When Yemi appeared, the real Jack vanished, because present-day Jack can't be there for Danny in the way that this version of Yemi could in this moment.

The real Jack appeared in season 1 as well, just momentarily, and his return here in the fourth episode signifies Jack's need to now grapple with the past beyond just writing this show.

Here, he directly addresses Danny with an apology, something that he could never do now, outside the realm of fiction.

Jack's extra involvement, which is already remarkably tangible for a sitcom of this nature, becomes even more poignant at the end of the sixth, final episode of season 2.

The Night When actually spans a night and a day. The night when Shannon gives birth to Laurencienna Miller (don't quote our spelling on that) and the day when the family said goodbye to Laurie in the hospice opposite.

As the family prepares for the baby's arrival, we see everyone say goodbye to Laurie one-on-one. And when the birth actually kicks off, the scene shifts back and forth between Nanny Bingo's joy and the moment when she bid farewell to her adult son.

Annette Badland won't get the award recognition she deserves for this, but anyone who's suffered loss will see their pain reflected back in her eyes with such uncanny knowing that it deserves a shout-out here.

Rooke isn't the first to make that full-circle connection between life and death, but it's rare to see this from such a raw, heartfelt perspective that encompasses not just his own grief, but also everything the rest of his family endured as well.

It's a big responsibility to bear, and words alone aren't quite enough, so Jack returns again for a much longer cameo, this time at the very end.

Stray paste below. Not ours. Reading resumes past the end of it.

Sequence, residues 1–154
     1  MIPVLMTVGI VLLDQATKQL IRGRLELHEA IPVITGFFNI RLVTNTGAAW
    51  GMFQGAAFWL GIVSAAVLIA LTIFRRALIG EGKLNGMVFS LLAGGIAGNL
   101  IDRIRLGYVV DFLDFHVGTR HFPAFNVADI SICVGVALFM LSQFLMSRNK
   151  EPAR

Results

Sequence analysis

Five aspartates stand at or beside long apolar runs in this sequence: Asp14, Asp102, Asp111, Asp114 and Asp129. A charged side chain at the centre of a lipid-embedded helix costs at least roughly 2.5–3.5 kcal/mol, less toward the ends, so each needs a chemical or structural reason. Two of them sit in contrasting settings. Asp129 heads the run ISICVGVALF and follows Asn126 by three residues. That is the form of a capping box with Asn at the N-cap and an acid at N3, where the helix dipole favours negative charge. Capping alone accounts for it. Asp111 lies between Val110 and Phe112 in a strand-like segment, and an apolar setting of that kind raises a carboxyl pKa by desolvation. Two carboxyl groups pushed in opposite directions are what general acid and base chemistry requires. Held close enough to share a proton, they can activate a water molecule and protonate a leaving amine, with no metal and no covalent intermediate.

"And it was in this room that, for the first time since my dad died, everything just felt right," narrates Jack. "Like everyone belonged with each other… In this very moment, it felt like the joy of loving someone new felt bigger than the pain of missing someone gone."

The real Jack then appears outside the room, watching his family come together through the blinds, just out of reach. Because this moment is in the past for him now. He's looking back, and with that closure found Jack walks out of the hospital, where he finds Laurie waiting for him outside.

The song Seasons (Waiting On You) by Future Islands plays with the refrain "because I've been waiting for you", as Jack steps into his father's cab.

"Let's go home," says Laurie.

"Let's go home," replies Jack, who we now get to see face-on for the first time since this series started.

Dylan Llewellyn as Jack in Big Boys sitting in a white shirt with casette players on it
Dylan Llewellyn as Jack in Big Boys. Channel 4

Earlier on in the episode, Jack's father promised to drive everyone back home again after their first visit to the hospice, "unable to quantify that he might not".

Laurie can finally do exactly that now - and for the real Jack, no less. Here in this fictional realm of memory, where neither life nor death can fully reach, Jack is able to reckon with the past and find closure by getting to do all the things he never could the first time around, like say sorry to Danny or drive home with his dad.

It's almost like Jack was testing the waters earlier on with Danny, tentatively reaching back into the past to try and undo what went wrong, or at least imagine something better for the people he loves.

In doing so, Jack goes on to find closure, both for himself and also the fictional Jack, who exists in his memories.

Reckoning with the past is no easy feat, especially when it's done in such a physical, public way, but there's also comfort to be found in coming home like this. And now, thanks to Big Boys, Jack was able to go home with the father he lost, helping Laurie keep a promise he never was able to in real life.

Big Boys season 2 is available to watch now on Channel 4. Check out more of our Comedy coverage or visit our TV Guide or Streaming Guide to see what's on tonight.